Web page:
The cakes in the face between Salvini and Meloni are the fault of the Rosatellum

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Italian politician Giorgia Meloni guest at Porta a Porta television broadcast, in the background Matteo Salvini. Rome (Italy), January 21st, 2020 (Photo by Massimo Di Vita / Massimo Di Vita Archive / Mondadori Portfolio via Getty Images)

The cakes in the face between Salvini and Meloni are a real pleasure for the opponents. Every time a “wave” is thrown at it, because certain things once happened mainly on the left; D’Alema, Bertinotti, Prodi had led us to believe that hurting yourself was a typical prerogative of the progressive world, self-harm almost a sign of belonging, while on the other side they would never have been able to. Instead, there they are, Giorgia and Matteo, giving a cheerful show: on the secret services, on the candidates for mayors, now also on the Rai armchairs. Their feud could fuel a wonderful TV series because the ingredients are all there: spite and revenge, low blows and spite. But to personal rust is added more, much more, which is worth reflecting on because it concerns the entire Italian political system, including the “gauche”.

Even if those two wanted to get along, they would be condemned to fight as gladiators in the arena. Who obliges us is the “Rosatellum”: an electoral law born with the best of intentions but distorted by some perverse mind. It is giving away a booty of seats, the so-called majority stake, which forces leaders to make alliances even when they don’t want to. The intent is to know before the vote who will make agreements with whom, instead of finding out later, and to entice the parties to row on the same side in the perspective of governing together. On paper a marvel. Except that the “Rosatellum” then assigns two thirds of the seats with the proportional method, which is a contradiction in terms because instead of making up a team, everyone is pushed to play for themselves. If your name is Meloni, or Salvini, your worst enemy becomes the one who most resembles you because he turns to the same potential voters and tries to take them away from you.

As if that weren’t enough, whoever gets the most votes in an alliance actually becomes its leader; in case of victory he can claim the leadership of the government: which spreads further fuel on the fire, adds enmity to the normal rivalry, from the political level he transfers the clash to the personal one as is happening on the right and, soon, it will happen on the left. Because until now Pd and Cinque Stelle have focused on their respective navel, the “dem” have changed the leader and the grillini as well; but soon they will have to decide whether to make an alliance ahead of the elections and put together a broad front, the widest possible, to beat a right wing in the polls. At that point there will be no escape: between Enrico Letta and Antonio Conte there will be the same perverse dynamic that forces you to add up the forces in the single-member colleges but tearing apart in the proportional ones, to present themselves united for the government but at war for the leadership, to run together tripping up to the day of the vote and maybe even after.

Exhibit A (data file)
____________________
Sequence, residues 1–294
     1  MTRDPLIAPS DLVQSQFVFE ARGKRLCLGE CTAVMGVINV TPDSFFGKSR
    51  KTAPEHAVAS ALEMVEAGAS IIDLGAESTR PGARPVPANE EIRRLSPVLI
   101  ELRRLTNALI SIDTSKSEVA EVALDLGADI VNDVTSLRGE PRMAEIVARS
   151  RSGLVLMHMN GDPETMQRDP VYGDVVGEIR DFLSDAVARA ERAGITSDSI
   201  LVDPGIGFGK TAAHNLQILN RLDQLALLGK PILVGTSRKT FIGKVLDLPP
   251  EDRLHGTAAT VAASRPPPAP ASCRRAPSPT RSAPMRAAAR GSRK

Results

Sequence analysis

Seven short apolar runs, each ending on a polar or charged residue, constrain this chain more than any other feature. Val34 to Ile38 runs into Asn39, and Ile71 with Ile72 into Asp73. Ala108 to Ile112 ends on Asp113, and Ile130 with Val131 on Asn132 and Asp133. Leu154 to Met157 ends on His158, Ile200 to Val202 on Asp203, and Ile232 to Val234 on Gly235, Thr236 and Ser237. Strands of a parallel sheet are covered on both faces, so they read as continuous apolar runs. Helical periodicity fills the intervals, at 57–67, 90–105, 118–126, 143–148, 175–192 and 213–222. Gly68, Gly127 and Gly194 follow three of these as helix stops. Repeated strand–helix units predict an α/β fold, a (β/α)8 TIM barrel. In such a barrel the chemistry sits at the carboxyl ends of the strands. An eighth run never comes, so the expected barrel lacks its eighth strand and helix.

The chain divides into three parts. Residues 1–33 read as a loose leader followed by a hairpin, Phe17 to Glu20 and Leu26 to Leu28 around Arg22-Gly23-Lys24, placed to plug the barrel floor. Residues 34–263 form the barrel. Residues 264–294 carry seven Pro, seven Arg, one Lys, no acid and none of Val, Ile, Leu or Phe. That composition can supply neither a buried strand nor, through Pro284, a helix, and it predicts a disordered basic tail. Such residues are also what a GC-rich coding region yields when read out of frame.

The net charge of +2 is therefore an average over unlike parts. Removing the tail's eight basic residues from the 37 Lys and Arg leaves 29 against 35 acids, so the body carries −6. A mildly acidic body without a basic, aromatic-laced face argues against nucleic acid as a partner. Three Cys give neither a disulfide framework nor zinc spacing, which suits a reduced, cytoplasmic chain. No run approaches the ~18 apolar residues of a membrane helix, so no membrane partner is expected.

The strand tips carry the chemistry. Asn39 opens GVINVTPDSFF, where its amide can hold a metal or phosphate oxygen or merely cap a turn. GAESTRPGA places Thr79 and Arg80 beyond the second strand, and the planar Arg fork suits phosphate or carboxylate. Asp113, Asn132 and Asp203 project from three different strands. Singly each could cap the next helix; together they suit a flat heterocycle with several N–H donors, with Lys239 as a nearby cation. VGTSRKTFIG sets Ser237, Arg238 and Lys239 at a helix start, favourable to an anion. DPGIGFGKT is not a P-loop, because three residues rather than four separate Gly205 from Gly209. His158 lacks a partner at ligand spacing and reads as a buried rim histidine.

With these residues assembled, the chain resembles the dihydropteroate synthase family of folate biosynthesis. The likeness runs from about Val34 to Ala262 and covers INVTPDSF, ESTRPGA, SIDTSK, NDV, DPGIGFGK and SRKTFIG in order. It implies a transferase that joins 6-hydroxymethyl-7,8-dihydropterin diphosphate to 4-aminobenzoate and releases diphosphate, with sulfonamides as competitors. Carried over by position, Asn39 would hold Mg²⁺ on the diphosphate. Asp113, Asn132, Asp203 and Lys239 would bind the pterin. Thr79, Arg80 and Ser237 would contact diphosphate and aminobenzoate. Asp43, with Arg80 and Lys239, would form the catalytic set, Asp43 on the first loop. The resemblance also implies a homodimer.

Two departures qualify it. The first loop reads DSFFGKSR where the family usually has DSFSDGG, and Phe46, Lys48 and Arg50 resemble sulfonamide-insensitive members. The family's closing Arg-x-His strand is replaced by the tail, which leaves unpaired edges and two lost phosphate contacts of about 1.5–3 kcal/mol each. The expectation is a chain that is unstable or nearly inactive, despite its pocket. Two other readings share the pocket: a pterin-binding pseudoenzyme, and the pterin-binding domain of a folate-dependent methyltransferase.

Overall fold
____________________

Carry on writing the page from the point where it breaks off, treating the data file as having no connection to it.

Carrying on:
Unfortunately it is a matter that people are not passionate about, after all Italy has other problems. In the editorial offices it is forbidden to talk about it (“what a beard, what a bore”); the parties seem exhausted. Nobody intends to correct a diabolical device that tragically blends together the defects of the majority (alliances created to win, not to govern) with the flaws of the proportional (each for himself and God for all): the worst of both worlds. The only change mentioned in the subheading concerns single-member colleges. Someone would like to reduce them in number and turn them into a “prize” for those who win, for the sole purpose of averting the hell that will break out before the elections when leaders will have to choose nearly 200 common candidates fighting them one by one. The same fate as Renzo’s capons; which were intended in the pot; but instead of being quiet, “they made every effort to peck at each other, as happens too often among fellow sufferers.”

Source: Huffington Post Italy Athena2 by

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